In Hinduism, kundalini refers to the psychic or cosmic energy that lies dormant in most people. It is sometimes identified with Shakti, the Great Goddess who is equated with divine energy.
When dormant, the kundalini is said to lie coiled like a snake (kunda means coiled) at the base of the spine, but it can gradually be raised upwards through the spine using meditation techniques including postures, purification practices, ritual gestures and regulated breathing.
This process of raising the kundalini, called kundalini yoga or laya yoga, is considered physically and psychologically beneficial throughout, but the ultimate goal is to induce the kundalini to rise to the top of the spine and into the brain. This is said to result in union with Shakti (divine energy) or atman (the cosmic Self), which is accompanied by an extraordinary state of awareness and bliss.
Religious Contexts of Kundalini Yoga
Kundalini yoga is primarily emphasized in Tantric Hinduism, the esoteric tradition associated with the Goddess. It is also widely practiced in Sikhism.
Kundalini yoga was first introduced to the west through a book called The Serpent Power, written by Sir John Woodroffe, an Englishman and the Chief Justice of the Calcutta High Court. Deeply impressed by the feats of tantrics he observed in India, Woodroofe was initiated into Hindu Tantra and became one of the earliest westerners to transmit Hinduism to the west.
In Los Angeles in the 1960s, Yogi Bhajan (born Harbhajan Singh) founded the Healthy, Happy, Holy Organization (3HO), which centers on the concepts and practices of kundalini yoga.
The practice of kundalini yoga centers on raising the kundalini, or dormant psychic energy, through the body's seven major chakras, or centers of conciousness. The seven chakras are:
- - Muladhara chakra - base of the spine
- Svadhishthana chakra - near the genital organs
- Manipura chakra - behind the navel
- Anahata chakra - at the heart
- Vishuddha chakra - at the throat
- Ajna chakra - behind the point between the eyebrows (the "third eye")
- Sahasrara chakra - the cerebral cortex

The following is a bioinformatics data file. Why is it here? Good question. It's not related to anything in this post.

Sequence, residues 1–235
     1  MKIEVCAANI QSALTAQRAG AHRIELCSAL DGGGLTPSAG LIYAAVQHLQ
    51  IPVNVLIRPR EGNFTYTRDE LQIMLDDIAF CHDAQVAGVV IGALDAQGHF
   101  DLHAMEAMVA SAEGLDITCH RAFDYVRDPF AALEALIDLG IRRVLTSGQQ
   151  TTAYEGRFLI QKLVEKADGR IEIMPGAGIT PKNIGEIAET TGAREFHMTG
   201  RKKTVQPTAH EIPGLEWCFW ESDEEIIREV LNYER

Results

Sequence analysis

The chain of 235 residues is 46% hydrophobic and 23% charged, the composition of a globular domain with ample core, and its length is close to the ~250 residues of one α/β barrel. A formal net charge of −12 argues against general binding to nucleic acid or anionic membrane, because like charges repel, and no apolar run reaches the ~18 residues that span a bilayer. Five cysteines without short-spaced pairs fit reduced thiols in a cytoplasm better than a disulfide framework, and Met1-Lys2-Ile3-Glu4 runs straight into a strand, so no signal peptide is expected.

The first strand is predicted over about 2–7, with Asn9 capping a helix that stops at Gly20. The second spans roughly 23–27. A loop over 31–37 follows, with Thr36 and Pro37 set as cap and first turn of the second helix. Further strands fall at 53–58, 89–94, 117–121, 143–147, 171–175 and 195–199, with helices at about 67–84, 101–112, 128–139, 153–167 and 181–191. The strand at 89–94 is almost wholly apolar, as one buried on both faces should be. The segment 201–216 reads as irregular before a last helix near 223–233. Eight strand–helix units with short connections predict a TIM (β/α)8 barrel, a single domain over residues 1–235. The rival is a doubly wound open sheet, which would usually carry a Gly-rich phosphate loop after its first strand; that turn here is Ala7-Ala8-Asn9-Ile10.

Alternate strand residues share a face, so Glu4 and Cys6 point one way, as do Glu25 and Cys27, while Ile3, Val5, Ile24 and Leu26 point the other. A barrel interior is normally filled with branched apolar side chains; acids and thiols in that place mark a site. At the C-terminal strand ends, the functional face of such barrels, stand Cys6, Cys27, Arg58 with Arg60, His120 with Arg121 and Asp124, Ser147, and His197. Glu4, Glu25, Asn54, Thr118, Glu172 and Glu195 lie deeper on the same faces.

When the Serpent Bites
Kundalini teachers commonly caution those interested in kundalini yoga to practice only under the guidance of an experienced teacher. Uncontrolled kundalini awakening has been reported to produce symptoms such as the following:
- mental confusion
- gastrointestianal disorders
- itching, burning, or involuntary twitching
- sexual dysfunction
- severe mood swings
- ringing or hissing sounds in ears
- paranormal activity
- immoral behavior
- - Linda Johnsen, The Complete Idiot's Guide to Hinduism (Alpha, 2002), pp. 312-13.
- "kundalini." Encyclopædia Britannica. Encyclopædia Britannica Premium Service. Accessed March 2005. <http://www.britannica.com/eb/article?tocId=9046421>.
- "Kundalini Complications." Kundalini Survival and Support. Accessed March 2005. <http://www.kundalini-support.com/comp.html>
- "Kundalini yoga." Wikipedia. Accessed March 2005. <http://en.wikipedia.org/wiki/Kundalini_yoga>
- Healthy, Happy, Holy Organization - Official site of 3HO. Provides information on Yogi Bhajan, kundalini yoga and the "3HO Lifestyle."
- Kundalini Yoga - A full-length e-book on kundalini yoga by Sri Swami Sivananda, published by the Divine Life Society.
- Kundalini Yoga Survival and Support - Website supportive of kundalini yoga but providing thorough information about its potential dangers. Includes support forum.
- Kundalini Yoga FAQ - Questions and answers on kundalini yoga practice.